It’s not like Planet 125 is all that big. It’s more like a tiny moon or asteroid, lost in
the vastness of the dirt bike universe. There
are only three serious players: KTM, Yamaha
and Husqvarna. And of those three, the
Husqvarna CR125 is the one least likely to
cross earth’s orbit. But that’s a shame for a
number of reasons. For one thing, the CR125
is considered by many to be the best bike
that Husky makes. For another, it’s one of
the best values on the market.
Preparing a Husqvarna for two-stroke warfare
HUSKY CR125 SCREAMER
These days, the identity of the 125
two-stroke is somewhat blurred with
the 144. For racing purposes, most of
the 125s on the start line actually
have a displacement of 144cc, either
by original design or by modification.
KTM sells both sizes, while Yamaha
lets you do whatever you want in the
aftermarket. What makes the Husky
such a good deal is the way it’s sold.
When you take a CR125 home, it’s a
relatively normal 125, with a bore of
54mm and a stroke of 54.5mm. But,
you walk out of the dealership with a
box that has all the parts to transform
the bike into a 144. And, the price is
only $6299. Wow.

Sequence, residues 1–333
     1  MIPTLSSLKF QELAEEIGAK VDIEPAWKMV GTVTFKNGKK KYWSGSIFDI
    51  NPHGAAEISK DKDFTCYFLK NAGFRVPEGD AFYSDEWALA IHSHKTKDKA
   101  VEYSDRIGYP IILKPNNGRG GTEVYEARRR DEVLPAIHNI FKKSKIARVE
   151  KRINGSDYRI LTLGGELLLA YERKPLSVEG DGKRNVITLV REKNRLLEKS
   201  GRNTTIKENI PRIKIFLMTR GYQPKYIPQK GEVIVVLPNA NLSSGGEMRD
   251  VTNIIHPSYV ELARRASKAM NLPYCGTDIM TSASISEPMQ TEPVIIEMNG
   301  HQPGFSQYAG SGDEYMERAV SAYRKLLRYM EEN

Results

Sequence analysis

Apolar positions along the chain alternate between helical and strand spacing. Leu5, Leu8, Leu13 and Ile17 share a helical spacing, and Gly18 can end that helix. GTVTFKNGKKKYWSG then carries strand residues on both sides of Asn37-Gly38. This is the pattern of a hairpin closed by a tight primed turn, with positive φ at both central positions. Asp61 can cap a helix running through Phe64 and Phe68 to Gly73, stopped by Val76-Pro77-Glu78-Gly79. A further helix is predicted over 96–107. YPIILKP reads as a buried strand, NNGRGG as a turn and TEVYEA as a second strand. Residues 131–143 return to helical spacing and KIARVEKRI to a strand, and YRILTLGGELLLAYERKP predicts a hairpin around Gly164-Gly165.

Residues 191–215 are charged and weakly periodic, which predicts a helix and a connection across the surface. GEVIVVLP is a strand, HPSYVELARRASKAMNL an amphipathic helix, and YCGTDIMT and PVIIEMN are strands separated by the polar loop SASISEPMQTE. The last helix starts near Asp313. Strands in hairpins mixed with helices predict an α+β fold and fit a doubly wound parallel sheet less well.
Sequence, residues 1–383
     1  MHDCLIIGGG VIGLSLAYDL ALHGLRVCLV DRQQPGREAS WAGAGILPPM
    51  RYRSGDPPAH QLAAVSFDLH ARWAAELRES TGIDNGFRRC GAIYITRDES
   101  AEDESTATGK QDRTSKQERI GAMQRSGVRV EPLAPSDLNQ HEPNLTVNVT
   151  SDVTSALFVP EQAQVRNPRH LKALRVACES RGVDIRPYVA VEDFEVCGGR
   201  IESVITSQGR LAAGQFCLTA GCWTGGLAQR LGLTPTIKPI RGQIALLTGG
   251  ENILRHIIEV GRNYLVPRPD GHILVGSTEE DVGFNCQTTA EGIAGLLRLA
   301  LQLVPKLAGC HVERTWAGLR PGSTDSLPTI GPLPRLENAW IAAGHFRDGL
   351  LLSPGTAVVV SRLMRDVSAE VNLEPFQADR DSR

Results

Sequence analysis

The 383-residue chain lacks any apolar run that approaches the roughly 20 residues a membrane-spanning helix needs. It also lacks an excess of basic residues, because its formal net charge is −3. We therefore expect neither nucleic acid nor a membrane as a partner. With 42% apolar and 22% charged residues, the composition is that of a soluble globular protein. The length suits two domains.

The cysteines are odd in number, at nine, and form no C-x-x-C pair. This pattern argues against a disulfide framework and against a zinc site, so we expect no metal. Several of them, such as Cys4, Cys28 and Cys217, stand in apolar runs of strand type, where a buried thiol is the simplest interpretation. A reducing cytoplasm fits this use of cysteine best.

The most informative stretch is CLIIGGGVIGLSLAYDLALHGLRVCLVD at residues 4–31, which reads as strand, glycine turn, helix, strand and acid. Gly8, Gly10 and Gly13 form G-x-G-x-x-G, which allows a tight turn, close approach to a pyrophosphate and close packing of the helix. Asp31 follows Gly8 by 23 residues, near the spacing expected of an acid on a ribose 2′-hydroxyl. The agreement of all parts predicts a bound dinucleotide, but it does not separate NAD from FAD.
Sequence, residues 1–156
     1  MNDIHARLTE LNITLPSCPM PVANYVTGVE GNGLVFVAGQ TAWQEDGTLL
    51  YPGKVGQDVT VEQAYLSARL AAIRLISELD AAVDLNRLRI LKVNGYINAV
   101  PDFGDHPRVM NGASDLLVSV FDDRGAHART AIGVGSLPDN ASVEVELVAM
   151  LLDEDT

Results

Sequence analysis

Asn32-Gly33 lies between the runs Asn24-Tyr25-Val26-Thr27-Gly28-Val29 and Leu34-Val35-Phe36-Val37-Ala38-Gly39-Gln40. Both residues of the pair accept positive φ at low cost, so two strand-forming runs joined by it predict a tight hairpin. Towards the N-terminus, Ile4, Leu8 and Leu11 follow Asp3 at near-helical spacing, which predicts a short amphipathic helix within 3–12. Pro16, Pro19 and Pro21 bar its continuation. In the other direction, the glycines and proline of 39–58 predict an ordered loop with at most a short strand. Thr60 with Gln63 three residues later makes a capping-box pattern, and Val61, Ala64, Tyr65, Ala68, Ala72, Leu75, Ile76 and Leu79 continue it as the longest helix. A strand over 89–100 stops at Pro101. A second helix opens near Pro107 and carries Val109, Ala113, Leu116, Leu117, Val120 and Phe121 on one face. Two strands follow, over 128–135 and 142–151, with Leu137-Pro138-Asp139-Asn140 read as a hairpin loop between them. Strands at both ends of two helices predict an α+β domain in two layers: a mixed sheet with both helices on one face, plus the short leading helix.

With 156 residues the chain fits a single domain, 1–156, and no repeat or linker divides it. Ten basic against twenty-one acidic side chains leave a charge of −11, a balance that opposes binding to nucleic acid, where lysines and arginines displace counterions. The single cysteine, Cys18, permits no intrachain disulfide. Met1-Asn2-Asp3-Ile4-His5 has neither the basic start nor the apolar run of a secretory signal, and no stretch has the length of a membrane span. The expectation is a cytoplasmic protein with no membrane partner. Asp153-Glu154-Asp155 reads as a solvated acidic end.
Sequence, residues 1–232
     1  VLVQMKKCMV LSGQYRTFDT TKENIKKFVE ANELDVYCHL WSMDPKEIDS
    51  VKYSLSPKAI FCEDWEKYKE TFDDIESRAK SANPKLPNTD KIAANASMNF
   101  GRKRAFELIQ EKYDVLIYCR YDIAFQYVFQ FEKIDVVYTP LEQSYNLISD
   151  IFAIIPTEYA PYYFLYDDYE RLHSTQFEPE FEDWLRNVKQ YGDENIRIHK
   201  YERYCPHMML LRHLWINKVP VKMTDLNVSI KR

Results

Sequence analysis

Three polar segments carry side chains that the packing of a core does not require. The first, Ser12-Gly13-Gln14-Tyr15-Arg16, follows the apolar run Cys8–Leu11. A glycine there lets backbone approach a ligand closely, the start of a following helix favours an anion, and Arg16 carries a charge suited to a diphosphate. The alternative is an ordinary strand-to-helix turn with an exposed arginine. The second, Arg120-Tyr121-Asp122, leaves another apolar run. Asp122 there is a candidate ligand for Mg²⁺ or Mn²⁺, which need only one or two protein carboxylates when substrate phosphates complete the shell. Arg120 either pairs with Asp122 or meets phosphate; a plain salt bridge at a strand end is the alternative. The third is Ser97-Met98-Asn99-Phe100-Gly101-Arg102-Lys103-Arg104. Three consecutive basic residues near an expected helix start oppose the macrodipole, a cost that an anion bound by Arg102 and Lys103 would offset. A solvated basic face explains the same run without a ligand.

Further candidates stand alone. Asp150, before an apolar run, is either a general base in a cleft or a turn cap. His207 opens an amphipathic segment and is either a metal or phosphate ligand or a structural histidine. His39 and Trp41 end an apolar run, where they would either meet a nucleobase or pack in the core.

Going in, we already love the Husky
125/144. But we know it can be better. That’s why we gave our 2013 test
bike a work-over and made it into a
bike that can go head to head with its
In stock form, the CR125 is a far
better bike than most people realize.
The motor was designed a long time
ago, but so was Yamaha’s. In the time
since then, the Husky has continu-
ously evolved. Today, the Husky has a
super-compact motor in a steel
frame, with a combination of a KYB
fork and a Sachs shock. The brakes
are Brembos, the reed is a V-Force 3
and the carb is a good old-fashioned
Mikuni 38mm TMX. You don’t get fuel
injection, electric start or a hydraulic
clutch, but the good news is that you
don’t need any of those things on this
particular bike. They would add
weight and price without giving any
performance gain. The bike starts
easily, the carburetor works perfectly
and the clutch has a super-light pull.
In terms of sheer power, a stock
Husky 125 comes in third place
among the three. The KTM 125 is a
rocket, but the Husky can at least
give the Yamaha a good, tough run.
The YZ125 has a longer powerband,
starting earlier and ending higher,
although in the meat of its working
zone, the Husky is very Yamaha-like.
Where the Yamaha really stands out
is in the suspension department. A